Argonaute keeps the Myc oncogene in check

Dr Olga Zaytseva and Associate Professor Leonie Quinn

A recent study from Associate Professor Leonie Quinn’s group at the John Curtin School of Medical Research was selected as the “Research Highlight" for the June issue of the prestigious Company of Biologists Journal Development.

The work led by Dr Olga Zaytseva revealed a novel mechanism for controlling the Myc oncogene; a potent driver of the proliferative cell growth that underlies tumour initiation and progression.

The work identified previously unknown functions for the Argonaute RNA binding protein (AGO1) as an inhibitor of Myc transcription, thus, AGO1 functions as a novel tumour suppressor to prevent cell and tissue overgrowth.

As Myc is invariably increased in cancer, mechanisms keeping Myc in check are significant for understanding cancer biology and developing new therapeutics.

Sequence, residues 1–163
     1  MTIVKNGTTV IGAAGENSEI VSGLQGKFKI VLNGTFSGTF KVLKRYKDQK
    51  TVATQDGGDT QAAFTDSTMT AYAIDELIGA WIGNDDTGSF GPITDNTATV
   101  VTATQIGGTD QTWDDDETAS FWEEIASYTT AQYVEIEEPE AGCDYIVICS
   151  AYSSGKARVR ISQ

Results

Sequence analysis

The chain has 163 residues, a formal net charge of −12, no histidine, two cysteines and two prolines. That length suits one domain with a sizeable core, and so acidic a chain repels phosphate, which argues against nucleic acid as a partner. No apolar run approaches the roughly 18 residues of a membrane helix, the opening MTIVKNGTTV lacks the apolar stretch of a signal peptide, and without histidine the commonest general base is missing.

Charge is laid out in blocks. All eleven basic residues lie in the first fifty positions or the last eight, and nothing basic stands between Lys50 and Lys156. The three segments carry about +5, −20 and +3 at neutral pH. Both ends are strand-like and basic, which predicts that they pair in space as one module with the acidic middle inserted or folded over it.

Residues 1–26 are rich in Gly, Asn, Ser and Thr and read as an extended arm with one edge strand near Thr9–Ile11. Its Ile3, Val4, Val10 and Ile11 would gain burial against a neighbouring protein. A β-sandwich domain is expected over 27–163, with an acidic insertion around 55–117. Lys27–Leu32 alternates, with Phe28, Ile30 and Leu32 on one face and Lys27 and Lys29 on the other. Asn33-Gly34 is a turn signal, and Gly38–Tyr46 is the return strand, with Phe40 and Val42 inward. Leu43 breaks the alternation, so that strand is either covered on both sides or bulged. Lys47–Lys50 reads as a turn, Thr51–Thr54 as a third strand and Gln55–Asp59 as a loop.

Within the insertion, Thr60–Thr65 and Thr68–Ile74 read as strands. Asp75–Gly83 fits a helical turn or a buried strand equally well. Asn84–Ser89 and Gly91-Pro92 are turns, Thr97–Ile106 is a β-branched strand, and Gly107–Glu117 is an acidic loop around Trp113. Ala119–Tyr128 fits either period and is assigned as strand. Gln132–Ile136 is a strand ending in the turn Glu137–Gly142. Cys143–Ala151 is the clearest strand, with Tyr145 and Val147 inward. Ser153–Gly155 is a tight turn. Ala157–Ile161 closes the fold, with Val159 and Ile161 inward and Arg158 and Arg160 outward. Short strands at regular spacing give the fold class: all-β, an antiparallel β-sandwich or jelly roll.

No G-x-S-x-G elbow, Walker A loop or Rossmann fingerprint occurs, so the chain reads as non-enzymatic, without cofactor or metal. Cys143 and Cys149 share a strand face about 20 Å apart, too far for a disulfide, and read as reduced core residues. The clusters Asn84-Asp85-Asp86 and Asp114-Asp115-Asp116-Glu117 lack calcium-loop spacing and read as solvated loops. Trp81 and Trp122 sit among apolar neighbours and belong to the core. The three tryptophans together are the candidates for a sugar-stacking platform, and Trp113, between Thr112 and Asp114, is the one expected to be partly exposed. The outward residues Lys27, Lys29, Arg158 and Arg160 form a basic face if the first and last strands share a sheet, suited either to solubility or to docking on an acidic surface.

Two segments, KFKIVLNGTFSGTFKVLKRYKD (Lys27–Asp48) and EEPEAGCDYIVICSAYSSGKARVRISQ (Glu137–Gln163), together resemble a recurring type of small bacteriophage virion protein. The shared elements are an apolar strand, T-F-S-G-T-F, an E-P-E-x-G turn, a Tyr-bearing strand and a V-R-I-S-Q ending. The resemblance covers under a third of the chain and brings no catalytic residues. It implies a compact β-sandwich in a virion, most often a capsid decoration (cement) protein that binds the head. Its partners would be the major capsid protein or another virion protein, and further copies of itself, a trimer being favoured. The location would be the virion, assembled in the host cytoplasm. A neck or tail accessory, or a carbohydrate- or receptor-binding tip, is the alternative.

Dr Zaytseva and A/Prof Quinn’s profile in the field was further highlighted in the Journal’s “People Behind the Papers” feature.

“Given the crucial roles Myc plays in cancer, it's exciting that we discovered a mechanism which could contribute to cancer progression” said first author Dr Olga Zaytseva.

“In tumour cells Myc genes are expressed at high levels” explains Associate Professor Quinn, thus, “harnessing the repressive roles of AGO1 to inhibit cancer growth is an exciting prospect.”

The full Article can be found here: Zaytseva et al. Development 2020

This work was supported by the National Health and Medical Research Council.